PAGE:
We are pleased to announce the launching of our most recent Omeka exhibit: Marks in Books. In this online exhibit, the term "marks" refers to physical elements that have been added to manuscripts and early printed books throughout time, that is, from the instance when they were being made until they arrived to our shelves. Mostly, these marks were not intended by the authors, scribes and printers as they originally envisioned their books, but were later included in the form of...
Posts by Pablo Alvarez
You are invited to see highlights from the library's extraordinary collection of manuscripts and early printed books describing the early history of astrology and astronomy. Mark your calendars for this Tuesday (3/12/19; 4:00-7:00 pm). The selection will range from ancient papyri to richly illustrated books that made possible the scientific revolution in Europe in the sixteenth and seventeenth centuries, including first editions of the works of Copernicus, Galileo, and Kepler.
When cataloging this fifteenth-century Italian manuscript, I saw that some of the pages have been damaged by brushing a chemical reagent on some areas that were difficult to read. While in the short term this substance was designed to make traces of ink more legible, the long-term impact on the manuscript is disastrous as shown in the image below.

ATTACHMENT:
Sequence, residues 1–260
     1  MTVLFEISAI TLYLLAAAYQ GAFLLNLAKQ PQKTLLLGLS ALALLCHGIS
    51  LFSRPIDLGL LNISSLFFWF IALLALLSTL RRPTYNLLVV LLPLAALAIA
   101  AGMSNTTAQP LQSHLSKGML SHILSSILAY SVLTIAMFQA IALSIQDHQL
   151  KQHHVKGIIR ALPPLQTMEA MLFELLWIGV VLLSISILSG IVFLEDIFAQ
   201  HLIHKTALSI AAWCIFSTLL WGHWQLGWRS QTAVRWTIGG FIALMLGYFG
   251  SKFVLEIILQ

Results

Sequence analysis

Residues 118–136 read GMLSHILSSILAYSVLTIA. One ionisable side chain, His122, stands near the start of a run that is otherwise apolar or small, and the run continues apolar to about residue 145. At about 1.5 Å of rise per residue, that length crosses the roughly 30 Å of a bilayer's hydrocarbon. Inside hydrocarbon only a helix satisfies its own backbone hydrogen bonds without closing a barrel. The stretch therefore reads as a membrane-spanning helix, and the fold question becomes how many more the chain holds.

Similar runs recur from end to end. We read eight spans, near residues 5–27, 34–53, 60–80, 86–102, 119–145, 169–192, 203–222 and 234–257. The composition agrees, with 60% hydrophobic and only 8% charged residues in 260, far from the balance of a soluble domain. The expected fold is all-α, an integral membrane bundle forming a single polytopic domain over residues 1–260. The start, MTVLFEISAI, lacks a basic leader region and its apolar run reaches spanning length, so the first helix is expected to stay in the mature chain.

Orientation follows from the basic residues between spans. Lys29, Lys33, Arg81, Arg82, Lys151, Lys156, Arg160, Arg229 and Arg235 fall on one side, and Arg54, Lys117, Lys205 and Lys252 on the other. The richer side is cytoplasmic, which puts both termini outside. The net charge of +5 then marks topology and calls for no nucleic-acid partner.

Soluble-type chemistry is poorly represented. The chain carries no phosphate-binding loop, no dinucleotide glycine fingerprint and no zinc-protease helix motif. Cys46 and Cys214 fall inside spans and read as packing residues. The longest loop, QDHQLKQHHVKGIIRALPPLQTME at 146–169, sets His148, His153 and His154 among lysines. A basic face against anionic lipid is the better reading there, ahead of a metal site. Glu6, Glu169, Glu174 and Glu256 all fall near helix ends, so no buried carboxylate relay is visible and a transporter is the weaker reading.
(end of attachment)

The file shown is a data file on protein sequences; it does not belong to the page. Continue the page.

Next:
This 1799 edition of The Images of Saints from the family of the Emperor Maximilian I (1459-1519) contains for the very first time an almost complete series of the woodcuts that were originally commissioned by Maximilian I to illustrate the legends, history and genealogy of earlier saints claimed to be connected to the House of Habsburg.
New Exhibit: You Must Judge a Book by its Cover! Highlights from the Julia Miller Collection of Bookbinding Models
Visit us on the sixth floor of the Hatcher Library to see this exciting exhibit! It consists of a selection of historical bookbinding models from the personal collection of conservator and scholar, Julia Miller. In 2015 and 2016, Julia bequeathed her extensive model collection to the Special Collections Research Center. Now named as The Julia Miller Collection of Bookbinding Models, it includes binding replicas of ancient and medieval manuscripts in various materials and formats, including a...
Yesterday we were honored by the visit of Kip S. Thorne, the Feyman Professor of Theoretical Physics, Emeritus, at Caltech. Before delivering the twenty-sixth annual Ta-You Wu Lecture in Physics, Professor Thorne came to view one of the most remarkable artifacts held in the Special Collections Library: a single-leaf manuscript containing Galileo's own notes of his first observations of the moons of Jupiter in January 1610.
The Exhibit "The Art and Science of Healing: From Antiquity to the Renaissance" is now gone from the Kelsey Museum and the Audubon Room of the Hatcher Library, but we can still see it through the eyes of undergraduate Noah Waldman, who last semester wrote an exhibit critique for professor Aileen Das' class, "Ancient Medicine in Greece and Rome". Selected by Dr. Das, I am very pleased to post Noah's review in our Special Collections blog.
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